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Hearing Impaired Woman’s Police Disaster

By on Jan 13, 2016 | 0 comments

A couple of years ago I wrote a post about the Seattle Police and their policies regarding the deaf community. My post emphasized the struggles of the deaf population in these interactions, since conveying the language issue for deaf people is different than for non-English speakers. In 2010 partially-deaf woodcarver John Williams had a tragic encounter with Seattle Police that ended with Mr. Williams being shot and killed. Aside from that, and perhaps because of that, law enforcement in this area has not made any news regarding their interactions with members of the deaf community. To which we are all thankful. 

Unfortunately that’s not the case elsewhere. Last year NYPD officers arrested deaf woman Diana Williams. Although the police were on some notice she had a hearing disability, they refused her requests for an interpreter. She was jailed for 24 hours without the ability to communicate with anyone, before ultimately being released. She later sued the NYPD for her experiences alleging, among other things, the NYPD violated the Americans with Disabilities Act. Her lawsuit went well.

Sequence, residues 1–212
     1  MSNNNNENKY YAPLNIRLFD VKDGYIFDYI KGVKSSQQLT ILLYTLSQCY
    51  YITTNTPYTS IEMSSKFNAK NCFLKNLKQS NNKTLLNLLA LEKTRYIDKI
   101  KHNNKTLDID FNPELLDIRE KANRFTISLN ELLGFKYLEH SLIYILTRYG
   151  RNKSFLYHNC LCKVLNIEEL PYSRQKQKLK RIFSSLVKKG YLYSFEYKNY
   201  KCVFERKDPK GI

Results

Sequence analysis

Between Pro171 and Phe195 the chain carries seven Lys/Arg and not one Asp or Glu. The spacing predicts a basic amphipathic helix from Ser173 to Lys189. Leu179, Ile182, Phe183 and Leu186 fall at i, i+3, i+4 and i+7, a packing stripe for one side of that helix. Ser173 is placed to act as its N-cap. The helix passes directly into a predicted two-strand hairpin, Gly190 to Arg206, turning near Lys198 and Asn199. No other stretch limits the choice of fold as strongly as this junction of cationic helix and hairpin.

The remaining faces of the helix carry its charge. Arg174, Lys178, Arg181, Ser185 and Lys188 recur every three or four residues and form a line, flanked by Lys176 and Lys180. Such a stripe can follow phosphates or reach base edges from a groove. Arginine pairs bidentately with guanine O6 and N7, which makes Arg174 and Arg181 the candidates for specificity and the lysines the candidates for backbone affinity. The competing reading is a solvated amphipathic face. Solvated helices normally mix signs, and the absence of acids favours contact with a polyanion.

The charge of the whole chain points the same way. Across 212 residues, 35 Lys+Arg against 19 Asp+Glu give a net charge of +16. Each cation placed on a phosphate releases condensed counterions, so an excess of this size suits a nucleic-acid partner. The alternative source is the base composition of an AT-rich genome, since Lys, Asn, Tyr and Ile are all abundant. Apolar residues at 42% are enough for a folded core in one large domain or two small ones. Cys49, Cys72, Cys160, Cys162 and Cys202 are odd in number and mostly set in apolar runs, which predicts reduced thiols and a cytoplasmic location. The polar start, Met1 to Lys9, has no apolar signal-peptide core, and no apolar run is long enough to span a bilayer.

In any police interaction, it behooves both sides to effectively communicate. A citizen interacting with a police officer should remain calm, polite, and generally decline to answer potentially incriminating questions. They should certainly never get aggressive.

But police officers have responsibilities too. They need to actively work to ensure the rights of the citizens they are interacting with are protected. Not every person walking on the street is able to communicate in a way you or I are used to. Police, when exercising their powers, are required to accommodate the existence of people from across the spectrum of humanity. Failing to do so can be expensive, or tragic.

Sometimes police interactions lead to arrests and criminal charges. If you or someone you know are facing these kinds of issues, feel free to give me a call.

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The facts and circumstances of your case may differ from the matters in which results and testimonials have been provided. Every case is different, and each client’s case must be evaluated and handled on its own merits.